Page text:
Let’s now give a proof sketch of Barron’s Theorem. We will be somewhat handwavy, focusing on intuition and being sloppy with derivations; for a more careful treatment, see Telgarsky’s notes3. The proof follows from two observations:

  • Write out the function $g$ exactly in terms of the Fourier basis functions (with possibly infinitely many coefficients), and map this to an infinitely-wide neural network.

  • Using Maurey’s empirical method (also sometimes called the “probabilistic method”), show that one can sample from an appropriate distribution defined on the basis functions, and get a succinct (but good enough) approximation of $g$. Specifically, to get $\varepsilon$-accurate approximation, we need $m = O(\frac{1}{\varepsilon^2})$ samples.

Proof Part 1: Fourier decomposition


Proof part 2: The empirical method of Maurey


Epilogue: A constructive approximation via Frank-Wolfe


Footnotes and references

  1. Although: exactly interpolating training labels seems standard in modern deep networks; see here and Fig 1a of this paper↩︎

  2. R. DeVore, B. Hanin, G. Petrova, Neural network approximation, 2021. ↩︎

  3. M. Telgarsky, Deep Learning Theory, 2021. ↩︎ ↩︎2

  4. Bernstein polynomials have several other practical use cases, including in computer graphics (see Bezier curves). ↩︎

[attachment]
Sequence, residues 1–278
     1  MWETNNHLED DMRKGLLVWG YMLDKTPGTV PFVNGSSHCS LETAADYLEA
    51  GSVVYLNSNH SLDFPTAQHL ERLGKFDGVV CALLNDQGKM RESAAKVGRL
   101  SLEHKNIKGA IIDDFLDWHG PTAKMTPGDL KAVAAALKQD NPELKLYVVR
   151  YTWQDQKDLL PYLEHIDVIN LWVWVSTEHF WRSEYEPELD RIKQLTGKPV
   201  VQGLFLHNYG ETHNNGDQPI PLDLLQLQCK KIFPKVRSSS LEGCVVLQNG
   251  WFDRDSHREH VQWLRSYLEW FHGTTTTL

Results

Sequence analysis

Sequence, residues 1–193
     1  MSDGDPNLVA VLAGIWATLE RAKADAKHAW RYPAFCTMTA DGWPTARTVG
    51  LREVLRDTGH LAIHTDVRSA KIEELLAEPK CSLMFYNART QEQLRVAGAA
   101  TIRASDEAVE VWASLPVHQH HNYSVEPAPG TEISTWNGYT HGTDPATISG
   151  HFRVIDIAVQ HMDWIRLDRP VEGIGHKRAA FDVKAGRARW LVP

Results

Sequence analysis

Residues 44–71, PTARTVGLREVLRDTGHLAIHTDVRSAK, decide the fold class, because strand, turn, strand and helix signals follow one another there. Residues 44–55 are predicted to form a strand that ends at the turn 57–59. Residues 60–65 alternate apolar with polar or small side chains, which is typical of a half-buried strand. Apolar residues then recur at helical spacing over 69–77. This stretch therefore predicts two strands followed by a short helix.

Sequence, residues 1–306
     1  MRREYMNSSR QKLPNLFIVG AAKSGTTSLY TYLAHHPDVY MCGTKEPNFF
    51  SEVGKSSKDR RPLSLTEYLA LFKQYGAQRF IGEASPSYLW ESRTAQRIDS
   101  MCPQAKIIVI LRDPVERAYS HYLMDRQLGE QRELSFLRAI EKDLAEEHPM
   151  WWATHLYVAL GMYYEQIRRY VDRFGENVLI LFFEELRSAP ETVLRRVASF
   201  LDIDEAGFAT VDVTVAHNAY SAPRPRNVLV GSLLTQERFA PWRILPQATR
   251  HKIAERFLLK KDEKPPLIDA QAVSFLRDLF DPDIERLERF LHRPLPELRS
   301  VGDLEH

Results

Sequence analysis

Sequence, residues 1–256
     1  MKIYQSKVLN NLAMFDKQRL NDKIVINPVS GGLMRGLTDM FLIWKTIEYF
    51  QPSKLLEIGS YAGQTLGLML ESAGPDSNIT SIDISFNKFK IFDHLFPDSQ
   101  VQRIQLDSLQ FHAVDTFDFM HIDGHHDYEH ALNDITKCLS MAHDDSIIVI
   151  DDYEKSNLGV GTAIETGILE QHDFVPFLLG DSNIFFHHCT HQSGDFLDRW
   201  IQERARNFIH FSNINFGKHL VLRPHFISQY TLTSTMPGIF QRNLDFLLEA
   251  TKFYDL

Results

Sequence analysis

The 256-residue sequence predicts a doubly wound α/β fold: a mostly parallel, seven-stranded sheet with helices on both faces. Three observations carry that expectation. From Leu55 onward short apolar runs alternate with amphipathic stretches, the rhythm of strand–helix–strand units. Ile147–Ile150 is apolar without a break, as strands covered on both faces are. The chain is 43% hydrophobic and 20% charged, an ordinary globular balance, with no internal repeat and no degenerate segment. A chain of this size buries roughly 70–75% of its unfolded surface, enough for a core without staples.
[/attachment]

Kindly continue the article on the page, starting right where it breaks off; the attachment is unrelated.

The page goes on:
5. K. Hornik, M. Stinchcombe, H. White, Multilayer feedforward networks are universal approximators, 1989. ↩︎ ↩︎2

  6. G. Cybenko, Approximation by superpositions of a sigmoidal function, 1989. ↩︎

  7. K. Funahashi, On the approximate realization of continuous mappings by neural networks, 1989. ↩︎

  8. V. Sitzmann, J. Martell, A. Bregman, D. Lindell, G. Wetzstein, Implicit Neural Representations with Periodic Activation Functions, 2020. ↩︎

  9. M. Leshno, V. Lin, A. Pinkus, S. Schocken, Multilayer feedforward networks with a nonpolynomial activation function can approximate any function, 1993. ↩︎

  10. A. Barron, Universal Approximation Bounds for Superpositions of a Sigmoidal Function, 1993. ↩︎ ↩︎2

  11. L. Jones, A Simple Lemma on Greedy Approximation in Hilbert Space and Convergence Rates for Projection Pursuit Regression and Neural Network Training, 1992. ↩︎

  12. F. Girosi, Regularization Theory, Radial Basis Functions and Networks, 1994. ↩︎

  13. B. Recht, Approximation theory, 2008. ↩︎